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Technical Piano Exercises of Vladimir Horowitz: Stretching

 

 

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TECHNICAL PIANO EXERCISES OF VLADIMIR HOROWITZ: STRETCHING 

The greatest of all modern classical pianists was Vladimir Horowitz, blessed with both legendary technique and musical genius.

Most pianists spend some time in their career listening to and being fascinated by this great artist.

What many people don't know is that Horowitz was a teacher of sorts in the later years of his life. I say, "of sorts" because he taught only other major artists, usually early in their careers. Pianists who were lucky enough to study for a while with the capricious, temperamental Horowitz report that he was an excellent communicator and was able to impart some of his knowledge. The secret of the rest of his genius was gossamer and inspiration, and is non-transferable to any student.

But these students spoke and wrote of their experience.

What emerges are several technical exercises that are not known to many professional pianists. These he passed down to his students, if they needed them.

Horowitz was fond of saying that technique was not his province as a teacher. I think what he meant was that a basic virtuoso piano technique is assumed, and the levels of bravura he could spread upon that were assumed as well. One has to have a fearless technique to even begin thinking about playing music in the way Horowitz did. You can't be worrying about the next note.

Sergei Rachmaninoff, the great Russian composer and pianist, was a good friend of Horowitz. When asked about his Third Piano Concerto, Rachmaninoff loved to say, "It is written for elephants."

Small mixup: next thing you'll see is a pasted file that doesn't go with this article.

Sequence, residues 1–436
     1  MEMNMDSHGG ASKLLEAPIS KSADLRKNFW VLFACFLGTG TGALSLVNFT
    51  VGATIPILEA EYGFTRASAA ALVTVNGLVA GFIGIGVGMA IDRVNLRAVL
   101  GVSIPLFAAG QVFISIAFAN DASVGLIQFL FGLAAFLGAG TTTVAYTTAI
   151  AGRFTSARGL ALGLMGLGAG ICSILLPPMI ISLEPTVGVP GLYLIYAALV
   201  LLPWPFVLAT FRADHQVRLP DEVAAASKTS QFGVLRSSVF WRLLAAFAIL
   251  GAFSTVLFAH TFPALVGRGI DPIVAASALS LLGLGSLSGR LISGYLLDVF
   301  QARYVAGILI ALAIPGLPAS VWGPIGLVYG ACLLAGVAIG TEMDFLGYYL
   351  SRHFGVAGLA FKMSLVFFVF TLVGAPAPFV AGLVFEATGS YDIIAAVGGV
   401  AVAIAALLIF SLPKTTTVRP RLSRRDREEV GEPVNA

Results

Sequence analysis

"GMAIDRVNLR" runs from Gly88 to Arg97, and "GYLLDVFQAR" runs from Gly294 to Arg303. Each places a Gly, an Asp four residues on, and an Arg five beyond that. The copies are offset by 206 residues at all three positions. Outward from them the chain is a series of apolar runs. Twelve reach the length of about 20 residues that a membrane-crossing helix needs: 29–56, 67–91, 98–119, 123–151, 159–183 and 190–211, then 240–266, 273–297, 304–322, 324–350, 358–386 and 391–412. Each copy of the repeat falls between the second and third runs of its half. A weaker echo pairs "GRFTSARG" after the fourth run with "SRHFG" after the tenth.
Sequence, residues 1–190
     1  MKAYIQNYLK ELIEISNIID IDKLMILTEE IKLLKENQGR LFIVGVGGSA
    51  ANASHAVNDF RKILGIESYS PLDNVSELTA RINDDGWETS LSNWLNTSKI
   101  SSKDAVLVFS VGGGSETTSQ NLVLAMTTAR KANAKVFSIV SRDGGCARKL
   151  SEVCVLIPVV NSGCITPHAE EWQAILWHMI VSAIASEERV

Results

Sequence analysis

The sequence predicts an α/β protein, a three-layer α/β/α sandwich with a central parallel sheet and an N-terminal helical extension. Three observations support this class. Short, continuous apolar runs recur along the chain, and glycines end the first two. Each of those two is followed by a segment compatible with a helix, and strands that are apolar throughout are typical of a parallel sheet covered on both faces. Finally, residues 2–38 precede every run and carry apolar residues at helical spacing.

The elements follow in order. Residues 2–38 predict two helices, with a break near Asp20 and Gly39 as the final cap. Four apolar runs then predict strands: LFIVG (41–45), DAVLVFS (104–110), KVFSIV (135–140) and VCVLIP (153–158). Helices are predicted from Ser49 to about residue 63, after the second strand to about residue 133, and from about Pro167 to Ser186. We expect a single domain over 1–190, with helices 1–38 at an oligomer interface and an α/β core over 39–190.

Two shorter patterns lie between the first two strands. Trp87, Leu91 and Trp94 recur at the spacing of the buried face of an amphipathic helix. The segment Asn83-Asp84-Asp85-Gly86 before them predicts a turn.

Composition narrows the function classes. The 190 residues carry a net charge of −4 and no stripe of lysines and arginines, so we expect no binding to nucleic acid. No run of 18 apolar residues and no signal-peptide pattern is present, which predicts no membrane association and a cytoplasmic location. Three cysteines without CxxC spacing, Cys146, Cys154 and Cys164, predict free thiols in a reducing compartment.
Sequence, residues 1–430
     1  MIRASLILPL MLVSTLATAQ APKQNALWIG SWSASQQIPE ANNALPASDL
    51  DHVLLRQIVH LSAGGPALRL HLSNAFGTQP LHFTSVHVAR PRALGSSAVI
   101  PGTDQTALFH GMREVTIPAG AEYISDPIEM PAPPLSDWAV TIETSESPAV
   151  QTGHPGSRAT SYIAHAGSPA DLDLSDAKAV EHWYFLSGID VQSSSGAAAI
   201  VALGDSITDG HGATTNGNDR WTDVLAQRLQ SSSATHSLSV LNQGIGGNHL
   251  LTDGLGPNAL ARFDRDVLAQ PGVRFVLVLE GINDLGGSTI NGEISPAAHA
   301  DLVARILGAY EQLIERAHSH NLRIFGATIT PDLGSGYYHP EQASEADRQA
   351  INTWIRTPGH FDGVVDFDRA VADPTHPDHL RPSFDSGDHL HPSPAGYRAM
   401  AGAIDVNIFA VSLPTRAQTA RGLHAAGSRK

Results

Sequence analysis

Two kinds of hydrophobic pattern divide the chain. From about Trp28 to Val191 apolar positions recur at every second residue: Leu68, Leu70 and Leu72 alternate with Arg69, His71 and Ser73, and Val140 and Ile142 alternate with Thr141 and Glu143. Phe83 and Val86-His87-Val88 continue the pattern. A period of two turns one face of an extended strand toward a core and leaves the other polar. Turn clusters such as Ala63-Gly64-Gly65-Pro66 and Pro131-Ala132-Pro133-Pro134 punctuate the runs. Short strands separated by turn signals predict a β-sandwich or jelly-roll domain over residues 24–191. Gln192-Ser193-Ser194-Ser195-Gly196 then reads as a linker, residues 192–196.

Meaning that it takes the strength of an elephant to get through this grand concerto.

But even elephants need exercise, so what did Horowitz do to maintain his technique? (He was notorious for not practicing, like a bad boy, but was still able to dazzle at any moment.)

STRETCHING

The first thing one notices about the music of Rachmaninoff is that the hand is stretched to the utmost, demanding positions of the fingers that other music simply never calls for. Horowitz knew that maintaining the SIDEWAYS limberness of the fingers was crucial. One has to be strong in LATERAL movement of the fingers as well as the simple and more familiar up and down of the keystroke.

Here's the stretching exercise:

 

Place both thumbs on Middle C.

Stretch the right pinkie up to the second E above Middle C, a tenth away.

Stretch the left pinkie down to the second A below Middle C, a tenth away.

Put the right 4th finger on the first C above Middle C.

Put the left 4th finger on the first C below Middle C.

Put the right 3rd finger on the first A above Middle C.

Put the left 3rd finger on the first E below Middle C.

Put the right index finger on the first E above Middle C.

Put the left index finger on the first A below Middle C.

For those who read music, like this:

In Piano By Number, it would be:

 

R: 10

     8

     6

     3

     1

 

L:  1

     6

     E

     C

     A

 

By John Aschenbrenner Copyright 2011 Walden Pond Press All Rights Reserved

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